This is from Gerard Beirne's new novel Charlie Tallulah, out imminently with Oberon Press in Ottawa. The language is sharp and precise, the dialogue is punctuated à la Joyce using em-dashes instead of quotation marks (see ...
Need some summer reading advice? Our authors can help! Today, Brian Bartlett (The Watchmaker's Table) leans heavily for the poetic:
Brian:mer my reading has been something of a grab-bag, as summer reading (and readings in other seasons, for that matter) should be. Have greatly enjoyed reading (which with poetry often means continually re-reading) three new books of Atlantic Canadian poetry, Anne Compton’s Alongside, Sue Goyette’s Ocean, and Eleonore Schoenmaier’sWavelengths of Your Song, along with Toronto poet John Reibetanz’s exquisitely layered Afloat.
Also got absorbed in Gerard Beirne’s brilliantly original, disturbing and moving novel Turtle, which I’ll be recommending far and wide. Returned to one of my favourite writers, Amos Oz of Israel, to read in translations from Hebrew two of his more recent novels.
Available in No Alibis, Botanic Avenue Belfast, through Blackstaff Press or online here.
Poems by Fleur Adcock, Gerard Beirne,Rachael Boast, Stephanie Conn, Oliver Comins, Piotr Florczyk, Miriam Gamble,Mark Granier, Rita Ann Higgins, Caoilinn Hughes, Matt Kirkham, Gary Matthews,Sinéad Morrissey, Tric O'Heare, Christopher Reid, Carol Rumens, Fiona Sampson andJack Underwood.
I do not really want to tell too much of the plot of masterful this story. I will say there are earthquakes, a visits to a huge ancient meteor cavern, a serious crime, and a very difficult decision to be made as the story closes.
It is morally ambiguous story that makes us ponder the beneath surface motivations. I think it is also about living in a culture in which one has no roots. I think this maybe why it is set in Southern California. There are lots of mysteries or things not explained in the story and that is part of its brilliance.
MEDITATION #10 THE WORST DESPAIR IS TRUST Gerard Beirne Bent over a plate of runny eggs before he passed from lust/the womanwith unshaven legs and all, God help us, lining up to see his grave/we thinkwe have it made/Let me put it thus/I can’t precisely say what it is I have in mind/
V njeno hišo sem vstopil, kot sem pač vedno počel, brez trkanja in skozi zadnja vrata v kuhinjo. Kot je tudi ona hodila k meni. Stanovala sva drug zraven drugega in odlično sva se razumela. In prijatelji, sva bila mnenja, naj si ne bi trkali na vrata. Nimajo kaj trkati. Jackie je stala ob štedilniku in s sprednje plošče dvigovala kozico, naga kot dojenček. Mleko je vrelo čez robove v velikih kremastih mehurjih, kot v kakšni reklami. Nagonsko se je obrnila, ko me je slišala vstopiti, in se brez k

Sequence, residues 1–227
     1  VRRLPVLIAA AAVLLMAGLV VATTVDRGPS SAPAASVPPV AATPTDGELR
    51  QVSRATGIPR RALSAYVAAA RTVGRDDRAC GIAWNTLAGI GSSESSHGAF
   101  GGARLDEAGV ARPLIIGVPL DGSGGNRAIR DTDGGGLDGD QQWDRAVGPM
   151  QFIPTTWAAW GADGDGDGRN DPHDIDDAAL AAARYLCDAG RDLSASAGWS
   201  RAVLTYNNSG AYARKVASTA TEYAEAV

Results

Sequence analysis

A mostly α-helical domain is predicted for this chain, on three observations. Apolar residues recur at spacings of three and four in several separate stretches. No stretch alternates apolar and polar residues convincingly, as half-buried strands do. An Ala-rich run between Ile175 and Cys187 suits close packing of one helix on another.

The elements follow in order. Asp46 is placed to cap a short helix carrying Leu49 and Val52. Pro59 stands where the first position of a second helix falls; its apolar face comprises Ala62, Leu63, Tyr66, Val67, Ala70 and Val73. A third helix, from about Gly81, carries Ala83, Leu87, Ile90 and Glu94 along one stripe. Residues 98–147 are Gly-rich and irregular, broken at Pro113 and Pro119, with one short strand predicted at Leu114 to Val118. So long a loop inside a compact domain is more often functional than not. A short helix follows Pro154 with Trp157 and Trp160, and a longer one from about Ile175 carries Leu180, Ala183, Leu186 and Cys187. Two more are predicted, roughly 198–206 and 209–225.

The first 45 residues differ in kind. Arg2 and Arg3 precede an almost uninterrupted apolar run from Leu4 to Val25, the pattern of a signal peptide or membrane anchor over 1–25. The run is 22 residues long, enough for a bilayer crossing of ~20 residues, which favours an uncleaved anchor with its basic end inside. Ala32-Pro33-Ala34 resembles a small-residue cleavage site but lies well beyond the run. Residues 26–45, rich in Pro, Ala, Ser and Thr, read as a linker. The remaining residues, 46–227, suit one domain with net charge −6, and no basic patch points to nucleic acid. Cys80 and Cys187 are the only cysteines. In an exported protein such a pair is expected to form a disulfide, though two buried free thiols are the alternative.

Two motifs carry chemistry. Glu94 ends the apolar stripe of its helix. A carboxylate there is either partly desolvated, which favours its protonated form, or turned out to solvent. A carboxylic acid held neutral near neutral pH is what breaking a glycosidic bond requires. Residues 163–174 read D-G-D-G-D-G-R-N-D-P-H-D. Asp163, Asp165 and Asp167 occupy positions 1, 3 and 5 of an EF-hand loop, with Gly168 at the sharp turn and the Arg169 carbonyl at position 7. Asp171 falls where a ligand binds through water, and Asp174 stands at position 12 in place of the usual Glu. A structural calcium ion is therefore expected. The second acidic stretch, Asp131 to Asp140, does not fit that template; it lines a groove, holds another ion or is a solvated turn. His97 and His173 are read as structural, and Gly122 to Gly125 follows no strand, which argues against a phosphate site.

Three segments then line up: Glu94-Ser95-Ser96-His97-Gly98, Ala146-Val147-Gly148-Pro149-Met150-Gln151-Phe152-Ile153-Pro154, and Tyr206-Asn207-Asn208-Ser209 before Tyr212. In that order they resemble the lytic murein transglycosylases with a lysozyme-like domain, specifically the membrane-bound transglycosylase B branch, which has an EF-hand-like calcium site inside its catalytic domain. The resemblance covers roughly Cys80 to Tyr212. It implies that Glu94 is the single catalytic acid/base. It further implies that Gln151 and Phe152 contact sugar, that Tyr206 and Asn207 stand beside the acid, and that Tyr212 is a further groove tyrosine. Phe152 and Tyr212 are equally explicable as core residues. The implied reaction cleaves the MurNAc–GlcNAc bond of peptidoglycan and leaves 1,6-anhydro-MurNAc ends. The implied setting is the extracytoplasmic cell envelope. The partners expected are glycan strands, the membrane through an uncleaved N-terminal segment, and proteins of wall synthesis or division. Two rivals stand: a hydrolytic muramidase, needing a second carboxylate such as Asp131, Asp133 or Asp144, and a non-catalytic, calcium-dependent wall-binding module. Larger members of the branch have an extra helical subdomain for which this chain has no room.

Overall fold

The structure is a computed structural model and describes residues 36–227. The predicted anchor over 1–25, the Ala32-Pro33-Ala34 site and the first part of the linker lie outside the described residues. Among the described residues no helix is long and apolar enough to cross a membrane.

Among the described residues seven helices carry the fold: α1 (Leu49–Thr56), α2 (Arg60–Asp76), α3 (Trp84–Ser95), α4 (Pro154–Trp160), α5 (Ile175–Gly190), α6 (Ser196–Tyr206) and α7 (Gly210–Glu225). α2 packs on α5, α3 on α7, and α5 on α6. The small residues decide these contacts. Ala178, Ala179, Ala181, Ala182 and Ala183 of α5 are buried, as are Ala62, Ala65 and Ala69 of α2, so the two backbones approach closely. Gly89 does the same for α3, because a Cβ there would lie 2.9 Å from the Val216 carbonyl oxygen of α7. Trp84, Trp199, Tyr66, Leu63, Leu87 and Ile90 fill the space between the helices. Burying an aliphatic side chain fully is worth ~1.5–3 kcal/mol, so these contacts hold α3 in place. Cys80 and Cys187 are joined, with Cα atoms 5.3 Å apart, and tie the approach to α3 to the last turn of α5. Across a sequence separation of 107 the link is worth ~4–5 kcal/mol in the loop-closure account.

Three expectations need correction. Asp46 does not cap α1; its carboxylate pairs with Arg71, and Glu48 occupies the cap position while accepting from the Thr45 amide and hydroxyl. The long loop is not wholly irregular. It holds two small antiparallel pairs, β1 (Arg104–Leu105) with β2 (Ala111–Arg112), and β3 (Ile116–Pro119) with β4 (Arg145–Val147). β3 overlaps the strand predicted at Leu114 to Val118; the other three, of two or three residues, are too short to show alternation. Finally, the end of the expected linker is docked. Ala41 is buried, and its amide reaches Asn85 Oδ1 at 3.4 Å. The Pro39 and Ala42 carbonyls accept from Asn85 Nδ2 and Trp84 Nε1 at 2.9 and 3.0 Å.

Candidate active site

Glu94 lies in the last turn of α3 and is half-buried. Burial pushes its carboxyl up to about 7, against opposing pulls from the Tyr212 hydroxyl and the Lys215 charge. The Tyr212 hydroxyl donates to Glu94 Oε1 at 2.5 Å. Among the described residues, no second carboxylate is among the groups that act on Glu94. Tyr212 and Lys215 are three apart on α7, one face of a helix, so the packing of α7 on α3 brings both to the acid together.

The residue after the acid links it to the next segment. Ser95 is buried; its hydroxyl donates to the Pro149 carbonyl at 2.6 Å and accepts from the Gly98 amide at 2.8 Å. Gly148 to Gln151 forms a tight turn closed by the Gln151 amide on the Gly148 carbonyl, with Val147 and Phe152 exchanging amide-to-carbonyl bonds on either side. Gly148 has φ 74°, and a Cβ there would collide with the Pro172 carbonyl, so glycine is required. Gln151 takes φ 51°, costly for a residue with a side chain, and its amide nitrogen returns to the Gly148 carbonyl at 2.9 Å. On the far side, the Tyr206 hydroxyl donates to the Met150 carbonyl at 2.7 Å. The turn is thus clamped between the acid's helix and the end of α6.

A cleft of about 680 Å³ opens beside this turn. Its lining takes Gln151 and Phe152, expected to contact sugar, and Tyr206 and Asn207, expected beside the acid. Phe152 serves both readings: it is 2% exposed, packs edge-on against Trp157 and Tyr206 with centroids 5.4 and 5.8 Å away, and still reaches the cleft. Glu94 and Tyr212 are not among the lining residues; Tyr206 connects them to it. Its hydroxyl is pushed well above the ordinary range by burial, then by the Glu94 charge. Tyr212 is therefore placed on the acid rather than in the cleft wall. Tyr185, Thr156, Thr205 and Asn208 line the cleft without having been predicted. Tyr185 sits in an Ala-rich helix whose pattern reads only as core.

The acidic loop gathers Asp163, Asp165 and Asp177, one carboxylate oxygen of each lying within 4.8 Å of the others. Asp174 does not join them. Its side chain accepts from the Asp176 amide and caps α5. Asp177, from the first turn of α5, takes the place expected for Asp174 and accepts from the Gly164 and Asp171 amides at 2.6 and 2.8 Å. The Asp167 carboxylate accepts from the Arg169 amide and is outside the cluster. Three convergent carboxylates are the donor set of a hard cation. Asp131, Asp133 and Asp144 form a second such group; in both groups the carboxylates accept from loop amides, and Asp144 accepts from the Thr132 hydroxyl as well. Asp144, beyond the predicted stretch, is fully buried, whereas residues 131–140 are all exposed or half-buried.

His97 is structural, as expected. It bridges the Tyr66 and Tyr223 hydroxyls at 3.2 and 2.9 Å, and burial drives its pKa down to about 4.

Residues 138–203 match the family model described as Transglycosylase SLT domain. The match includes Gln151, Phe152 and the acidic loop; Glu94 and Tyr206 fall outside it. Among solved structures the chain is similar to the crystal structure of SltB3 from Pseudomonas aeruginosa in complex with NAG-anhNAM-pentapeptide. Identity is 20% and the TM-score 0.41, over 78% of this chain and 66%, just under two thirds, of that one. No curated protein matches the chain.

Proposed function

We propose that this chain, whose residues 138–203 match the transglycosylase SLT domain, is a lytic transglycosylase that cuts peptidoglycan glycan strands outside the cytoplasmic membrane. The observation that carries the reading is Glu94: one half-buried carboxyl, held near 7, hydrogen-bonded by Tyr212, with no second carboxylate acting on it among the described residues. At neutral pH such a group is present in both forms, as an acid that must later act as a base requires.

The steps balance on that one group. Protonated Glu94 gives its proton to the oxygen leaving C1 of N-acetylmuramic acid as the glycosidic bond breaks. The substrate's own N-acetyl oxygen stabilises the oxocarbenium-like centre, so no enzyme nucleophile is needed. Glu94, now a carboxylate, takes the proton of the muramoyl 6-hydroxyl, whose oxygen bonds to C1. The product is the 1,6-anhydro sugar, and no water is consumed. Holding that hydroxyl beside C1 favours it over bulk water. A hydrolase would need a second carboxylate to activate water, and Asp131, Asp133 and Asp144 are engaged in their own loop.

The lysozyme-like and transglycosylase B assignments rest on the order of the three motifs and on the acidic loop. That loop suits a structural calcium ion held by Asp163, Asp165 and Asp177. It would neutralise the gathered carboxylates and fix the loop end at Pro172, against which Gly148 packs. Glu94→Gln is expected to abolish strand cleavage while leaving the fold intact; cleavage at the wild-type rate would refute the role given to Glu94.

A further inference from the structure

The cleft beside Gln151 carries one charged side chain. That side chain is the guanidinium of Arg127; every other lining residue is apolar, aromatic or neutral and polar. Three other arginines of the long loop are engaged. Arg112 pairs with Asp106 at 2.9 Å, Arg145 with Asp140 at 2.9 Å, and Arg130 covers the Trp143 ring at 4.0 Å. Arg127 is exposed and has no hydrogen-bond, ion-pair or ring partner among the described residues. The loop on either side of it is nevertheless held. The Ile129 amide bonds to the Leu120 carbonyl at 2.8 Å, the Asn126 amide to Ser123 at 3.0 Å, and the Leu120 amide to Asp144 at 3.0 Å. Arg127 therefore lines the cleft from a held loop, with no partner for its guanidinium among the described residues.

Fiction co-editor Gerard Beirne rounded off the evening by reading from Margaret ... Share to TwitterShare to Facebook. Labels: Gerard Beirne, Ian LeTourneau, Mark Jarman, Ray Fraser, Summer Fiction, The Fiddlehead ...
Issue 13 Summer 2013 And Him Blind by John McManus Just These Two Words: an interview with J. P. Donleavy The Phantom Museum by Howie Good Afghan Boy by Noel King A Bit of Tragedy by Frances Gapper Effort of That by Aoife McGuinness I Will Be Your Moon by Dagogo Hart Dagogo Betrayal by William Walsh Beginning of Winter by Floyd Skloot Credit by Lorraine Mariner Petronella by Niamh Boyce Summers by Richard Carr The Mighty Gary by Rob Perry An Honest Moon by Kita Shantiris For you, my love by Jacques Prevert, translated by Mary Frances Mooney Krakatoa Moon by Liane Strauss Ghosties by Meadhbh Ní Eadhra A Fable (of Sorts) About Silence, Featuring My Aunt Madeleine by Vona Groarke The Classic Double-Take by John Hartley Williams Time Machine by Jonathan Greenhause Vision by Anthony Lawrence Vision of the Journey to Hell by Gerard Beirne The War Reporter Paul Watson Has Dinner with Aideed by Dan O’Brien Such a Cool Kid: an interview with Claire Kilroy the tragic tale of Mrs Lewis and the 147th football by Scott Pack Articulated Lorries by Selima Hill Catalogue by Susan Levi Wallach The Sonnet of the Locked Box and What I Found There by Martina Newberry Ballymaloe International Poetry Prize 2013
Featuring art by: Hani Alqam, Rania Moudaress Silva and Pawel Kleszczewski
LECTURE NOTES ON PAEDIATRICS I On the journey to the hospital you held your stomach and told me all I needed to know - how the first twenty-four hours presented greater opportunities to save life than...
Set the hounds at the oxen, let the prey upon them. Flush the pheasants from the tules, loose the hawks and falcons. Cast the peacocks from the tower, quaking as they plummet. Baste the carcass on the slab, made tender in the fear of death.
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